Mr Harawira lost his seat to Labour’s Kelvin Davis in 2014. His Mana Party which combined with Kim Dotcom’s Internet Party, got just 1.5 percent of the party vote.
He told RNZ’s Mihingarangi Forbes on TV3’s The Hui he was re-entering the political fray because Māori lacked a strong voice in Parliament.
Mr Harawira said many Māori MPs got caught up in party politics, and forgot who they were meant to be representing.
“You’ve gotta have somebody in there who’s a fighter,” he said. Read more »
The Christmas Island detention centre is in a state of chaos after riots broke out, according to Labour’s Kelvin Davis.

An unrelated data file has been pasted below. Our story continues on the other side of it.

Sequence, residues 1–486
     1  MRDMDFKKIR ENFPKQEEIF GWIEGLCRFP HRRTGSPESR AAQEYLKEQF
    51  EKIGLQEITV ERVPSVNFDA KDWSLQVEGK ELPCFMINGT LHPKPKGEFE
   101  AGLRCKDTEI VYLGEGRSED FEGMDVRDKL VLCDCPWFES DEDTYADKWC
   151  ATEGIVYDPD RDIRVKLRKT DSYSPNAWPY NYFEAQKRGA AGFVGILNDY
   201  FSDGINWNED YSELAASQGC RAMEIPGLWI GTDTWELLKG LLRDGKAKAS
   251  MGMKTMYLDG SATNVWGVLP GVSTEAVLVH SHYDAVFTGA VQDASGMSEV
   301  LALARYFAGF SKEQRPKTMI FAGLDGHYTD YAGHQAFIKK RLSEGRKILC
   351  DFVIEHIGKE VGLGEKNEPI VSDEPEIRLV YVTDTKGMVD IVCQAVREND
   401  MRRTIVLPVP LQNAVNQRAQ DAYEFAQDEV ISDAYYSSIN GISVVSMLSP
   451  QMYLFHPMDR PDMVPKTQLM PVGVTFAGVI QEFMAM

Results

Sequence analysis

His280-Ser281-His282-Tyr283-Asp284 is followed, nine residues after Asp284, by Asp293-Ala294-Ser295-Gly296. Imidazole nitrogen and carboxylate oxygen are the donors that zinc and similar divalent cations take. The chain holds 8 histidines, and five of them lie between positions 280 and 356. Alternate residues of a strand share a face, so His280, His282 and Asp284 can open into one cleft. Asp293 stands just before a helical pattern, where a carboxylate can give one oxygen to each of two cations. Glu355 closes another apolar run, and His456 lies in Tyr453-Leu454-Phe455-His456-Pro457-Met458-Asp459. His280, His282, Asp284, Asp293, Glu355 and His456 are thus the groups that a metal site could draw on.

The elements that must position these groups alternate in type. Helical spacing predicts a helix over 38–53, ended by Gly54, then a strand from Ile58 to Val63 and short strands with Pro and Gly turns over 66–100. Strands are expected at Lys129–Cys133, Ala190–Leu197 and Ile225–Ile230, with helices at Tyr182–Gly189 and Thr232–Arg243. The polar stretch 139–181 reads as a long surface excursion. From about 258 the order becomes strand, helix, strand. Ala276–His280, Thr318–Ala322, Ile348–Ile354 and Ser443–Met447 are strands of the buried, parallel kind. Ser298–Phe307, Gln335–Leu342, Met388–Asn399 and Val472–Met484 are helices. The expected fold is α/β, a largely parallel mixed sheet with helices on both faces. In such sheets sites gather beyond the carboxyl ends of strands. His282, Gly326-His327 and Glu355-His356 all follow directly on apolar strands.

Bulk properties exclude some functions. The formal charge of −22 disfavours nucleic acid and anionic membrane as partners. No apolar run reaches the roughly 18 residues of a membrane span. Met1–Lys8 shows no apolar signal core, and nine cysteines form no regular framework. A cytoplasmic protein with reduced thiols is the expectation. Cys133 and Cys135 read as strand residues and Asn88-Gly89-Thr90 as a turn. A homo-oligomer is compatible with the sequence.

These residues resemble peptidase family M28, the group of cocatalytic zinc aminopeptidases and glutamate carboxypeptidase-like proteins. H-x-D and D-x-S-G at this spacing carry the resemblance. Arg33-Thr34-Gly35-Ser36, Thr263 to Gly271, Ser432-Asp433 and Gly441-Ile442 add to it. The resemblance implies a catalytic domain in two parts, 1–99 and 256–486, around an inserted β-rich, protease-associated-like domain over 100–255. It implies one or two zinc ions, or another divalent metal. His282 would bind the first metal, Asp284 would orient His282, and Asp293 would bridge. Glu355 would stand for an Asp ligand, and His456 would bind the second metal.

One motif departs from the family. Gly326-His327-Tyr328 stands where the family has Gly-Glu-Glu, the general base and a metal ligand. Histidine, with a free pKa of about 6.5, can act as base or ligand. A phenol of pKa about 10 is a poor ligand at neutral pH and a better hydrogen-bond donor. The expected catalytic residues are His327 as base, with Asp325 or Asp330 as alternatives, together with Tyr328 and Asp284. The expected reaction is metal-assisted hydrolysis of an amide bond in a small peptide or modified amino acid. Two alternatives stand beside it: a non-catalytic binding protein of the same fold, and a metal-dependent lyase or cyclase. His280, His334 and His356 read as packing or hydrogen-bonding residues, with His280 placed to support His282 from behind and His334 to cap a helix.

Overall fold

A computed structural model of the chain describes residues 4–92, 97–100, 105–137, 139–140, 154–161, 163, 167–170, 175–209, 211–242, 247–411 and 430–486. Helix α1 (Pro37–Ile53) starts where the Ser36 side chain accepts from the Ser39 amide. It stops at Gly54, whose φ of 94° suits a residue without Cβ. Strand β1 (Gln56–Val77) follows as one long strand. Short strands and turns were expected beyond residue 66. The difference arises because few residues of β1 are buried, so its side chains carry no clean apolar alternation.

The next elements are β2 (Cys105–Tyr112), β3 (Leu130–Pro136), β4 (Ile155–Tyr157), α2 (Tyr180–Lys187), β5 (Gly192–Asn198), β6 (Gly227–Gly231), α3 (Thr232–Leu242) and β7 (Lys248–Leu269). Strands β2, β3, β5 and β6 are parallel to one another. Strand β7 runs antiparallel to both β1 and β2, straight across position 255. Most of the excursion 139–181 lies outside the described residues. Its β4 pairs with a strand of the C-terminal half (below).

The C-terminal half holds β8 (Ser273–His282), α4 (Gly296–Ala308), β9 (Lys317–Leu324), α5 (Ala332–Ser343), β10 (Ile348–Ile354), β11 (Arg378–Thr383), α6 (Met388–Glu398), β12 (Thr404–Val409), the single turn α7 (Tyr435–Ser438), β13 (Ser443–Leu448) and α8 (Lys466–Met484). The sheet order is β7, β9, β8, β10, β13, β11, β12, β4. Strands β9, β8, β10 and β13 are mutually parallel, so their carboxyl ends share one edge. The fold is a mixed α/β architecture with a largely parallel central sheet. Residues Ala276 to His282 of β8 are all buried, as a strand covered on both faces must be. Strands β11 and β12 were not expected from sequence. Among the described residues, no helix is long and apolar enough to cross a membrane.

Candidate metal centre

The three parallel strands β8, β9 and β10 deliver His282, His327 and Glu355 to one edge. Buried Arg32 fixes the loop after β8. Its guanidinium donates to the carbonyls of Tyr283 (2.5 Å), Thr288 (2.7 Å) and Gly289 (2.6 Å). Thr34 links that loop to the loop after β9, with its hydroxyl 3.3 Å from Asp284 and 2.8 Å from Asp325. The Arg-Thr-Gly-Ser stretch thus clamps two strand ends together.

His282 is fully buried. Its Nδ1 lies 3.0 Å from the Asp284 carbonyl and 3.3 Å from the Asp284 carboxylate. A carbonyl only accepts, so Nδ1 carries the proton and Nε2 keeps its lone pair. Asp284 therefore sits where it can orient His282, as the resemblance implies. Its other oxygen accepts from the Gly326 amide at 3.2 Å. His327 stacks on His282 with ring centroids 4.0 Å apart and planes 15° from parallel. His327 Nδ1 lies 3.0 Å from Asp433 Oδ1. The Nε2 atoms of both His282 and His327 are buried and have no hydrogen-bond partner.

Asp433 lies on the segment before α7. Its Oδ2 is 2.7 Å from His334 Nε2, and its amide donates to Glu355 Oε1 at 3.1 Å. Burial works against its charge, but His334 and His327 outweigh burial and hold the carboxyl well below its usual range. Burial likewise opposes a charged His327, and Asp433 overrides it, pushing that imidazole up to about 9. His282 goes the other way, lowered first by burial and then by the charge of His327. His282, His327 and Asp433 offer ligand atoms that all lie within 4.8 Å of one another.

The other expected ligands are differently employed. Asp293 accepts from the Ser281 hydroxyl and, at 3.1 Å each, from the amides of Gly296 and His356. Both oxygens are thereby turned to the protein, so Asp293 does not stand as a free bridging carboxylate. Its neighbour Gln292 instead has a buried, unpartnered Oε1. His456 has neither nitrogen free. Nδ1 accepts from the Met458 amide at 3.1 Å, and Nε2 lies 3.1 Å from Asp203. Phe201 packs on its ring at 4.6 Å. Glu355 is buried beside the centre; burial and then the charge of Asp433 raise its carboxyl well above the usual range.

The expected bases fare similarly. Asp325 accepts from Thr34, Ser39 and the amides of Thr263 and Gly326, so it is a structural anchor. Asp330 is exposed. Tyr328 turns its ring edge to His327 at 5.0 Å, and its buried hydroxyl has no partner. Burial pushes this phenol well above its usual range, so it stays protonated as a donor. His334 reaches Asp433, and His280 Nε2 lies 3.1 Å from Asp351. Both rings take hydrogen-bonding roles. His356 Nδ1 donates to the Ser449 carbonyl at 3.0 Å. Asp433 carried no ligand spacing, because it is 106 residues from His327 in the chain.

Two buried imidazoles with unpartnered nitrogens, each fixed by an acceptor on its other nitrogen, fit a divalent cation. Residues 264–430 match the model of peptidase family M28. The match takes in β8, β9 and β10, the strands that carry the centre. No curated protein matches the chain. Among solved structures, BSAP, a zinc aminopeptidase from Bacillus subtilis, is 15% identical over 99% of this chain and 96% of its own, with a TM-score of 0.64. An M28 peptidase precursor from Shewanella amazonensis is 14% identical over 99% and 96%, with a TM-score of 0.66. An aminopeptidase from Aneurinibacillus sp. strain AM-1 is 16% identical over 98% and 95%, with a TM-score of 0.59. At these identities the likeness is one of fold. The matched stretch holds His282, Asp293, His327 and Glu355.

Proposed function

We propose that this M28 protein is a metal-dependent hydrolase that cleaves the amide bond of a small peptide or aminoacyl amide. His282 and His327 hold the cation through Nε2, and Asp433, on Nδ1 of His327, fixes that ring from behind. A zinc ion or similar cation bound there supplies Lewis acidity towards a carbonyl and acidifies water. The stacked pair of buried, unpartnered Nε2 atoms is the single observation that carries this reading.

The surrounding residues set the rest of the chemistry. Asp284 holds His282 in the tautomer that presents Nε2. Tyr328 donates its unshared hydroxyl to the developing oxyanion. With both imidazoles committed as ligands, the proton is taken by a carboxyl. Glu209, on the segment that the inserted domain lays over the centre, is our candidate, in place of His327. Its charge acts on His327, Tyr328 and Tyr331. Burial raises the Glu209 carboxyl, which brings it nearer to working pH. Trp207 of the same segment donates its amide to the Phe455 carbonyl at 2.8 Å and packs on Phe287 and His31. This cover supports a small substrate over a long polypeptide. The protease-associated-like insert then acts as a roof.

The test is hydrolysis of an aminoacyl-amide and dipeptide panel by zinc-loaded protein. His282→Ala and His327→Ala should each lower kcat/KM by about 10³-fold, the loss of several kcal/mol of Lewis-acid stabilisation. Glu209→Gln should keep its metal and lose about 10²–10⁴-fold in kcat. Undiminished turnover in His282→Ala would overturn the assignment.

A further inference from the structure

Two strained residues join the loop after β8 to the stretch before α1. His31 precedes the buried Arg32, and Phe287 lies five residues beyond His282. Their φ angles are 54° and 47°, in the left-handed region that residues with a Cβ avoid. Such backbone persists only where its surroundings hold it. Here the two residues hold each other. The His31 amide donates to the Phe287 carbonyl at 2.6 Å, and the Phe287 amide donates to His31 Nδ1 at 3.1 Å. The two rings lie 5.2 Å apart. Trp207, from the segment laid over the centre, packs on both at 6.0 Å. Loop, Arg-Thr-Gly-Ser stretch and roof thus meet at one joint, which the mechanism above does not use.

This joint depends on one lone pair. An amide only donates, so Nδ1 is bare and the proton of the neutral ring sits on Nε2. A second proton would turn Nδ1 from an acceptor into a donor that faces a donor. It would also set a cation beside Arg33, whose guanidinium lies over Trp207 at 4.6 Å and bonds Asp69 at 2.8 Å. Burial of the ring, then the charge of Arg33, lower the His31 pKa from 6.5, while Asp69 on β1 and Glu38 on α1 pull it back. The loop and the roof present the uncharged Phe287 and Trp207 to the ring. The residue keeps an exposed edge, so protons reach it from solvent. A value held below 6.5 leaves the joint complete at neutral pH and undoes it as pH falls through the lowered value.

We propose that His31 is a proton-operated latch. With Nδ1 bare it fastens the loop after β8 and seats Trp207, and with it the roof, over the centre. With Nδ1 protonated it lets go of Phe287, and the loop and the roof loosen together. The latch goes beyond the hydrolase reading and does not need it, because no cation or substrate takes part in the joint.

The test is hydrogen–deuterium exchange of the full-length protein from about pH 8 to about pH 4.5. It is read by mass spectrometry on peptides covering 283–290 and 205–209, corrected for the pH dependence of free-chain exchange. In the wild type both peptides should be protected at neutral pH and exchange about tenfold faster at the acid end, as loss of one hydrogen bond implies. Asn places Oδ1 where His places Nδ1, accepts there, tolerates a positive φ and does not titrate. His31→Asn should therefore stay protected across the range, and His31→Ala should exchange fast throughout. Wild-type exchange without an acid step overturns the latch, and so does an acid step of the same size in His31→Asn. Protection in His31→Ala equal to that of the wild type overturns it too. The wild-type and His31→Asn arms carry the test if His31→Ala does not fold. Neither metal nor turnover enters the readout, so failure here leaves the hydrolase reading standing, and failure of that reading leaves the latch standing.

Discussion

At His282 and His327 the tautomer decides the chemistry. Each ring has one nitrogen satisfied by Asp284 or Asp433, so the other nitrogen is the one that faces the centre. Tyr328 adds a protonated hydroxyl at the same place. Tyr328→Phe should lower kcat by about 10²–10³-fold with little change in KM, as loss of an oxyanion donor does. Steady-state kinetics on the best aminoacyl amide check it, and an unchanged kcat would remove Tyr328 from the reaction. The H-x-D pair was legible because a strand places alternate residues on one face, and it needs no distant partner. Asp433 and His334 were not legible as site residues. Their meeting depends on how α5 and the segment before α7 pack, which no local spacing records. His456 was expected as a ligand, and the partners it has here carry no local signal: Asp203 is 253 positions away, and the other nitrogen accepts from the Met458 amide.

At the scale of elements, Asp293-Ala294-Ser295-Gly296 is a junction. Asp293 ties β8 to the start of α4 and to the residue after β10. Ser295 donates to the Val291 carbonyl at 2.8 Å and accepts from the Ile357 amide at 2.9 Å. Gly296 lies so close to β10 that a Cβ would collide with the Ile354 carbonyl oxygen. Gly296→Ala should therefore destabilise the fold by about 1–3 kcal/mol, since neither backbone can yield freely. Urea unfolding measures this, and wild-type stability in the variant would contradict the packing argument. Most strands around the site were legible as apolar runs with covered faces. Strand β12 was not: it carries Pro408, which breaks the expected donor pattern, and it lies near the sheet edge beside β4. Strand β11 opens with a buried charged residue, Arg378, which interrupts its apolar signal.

Mr Davis, who recently visited the island, says violence broke out after a guard allegedly punched a detainee in the face after being asked about the death of a refugee, days after escaping from the centre. Read more »
A New Zealand man has been named on an Islamic State (IS) “kill list”, leaked by hackers overnight.
The group, who call themselves the Islamic State Hacking Division, released personal information of hundreds of members of the military and government – mostly from the United States.
The information says the man in question lives in Auckland, but his father says that is incorrect.
He says his son currently lives overseas and was shocked to see his name on the list.
“Yes I am [worried]… more so for the fact that he’s got absolutely no connection to the military.” Read more »
Hone is still looking for relevance, but blows his chance to help his mate Dotcom out by begging for a free trade agreement to be scrapped.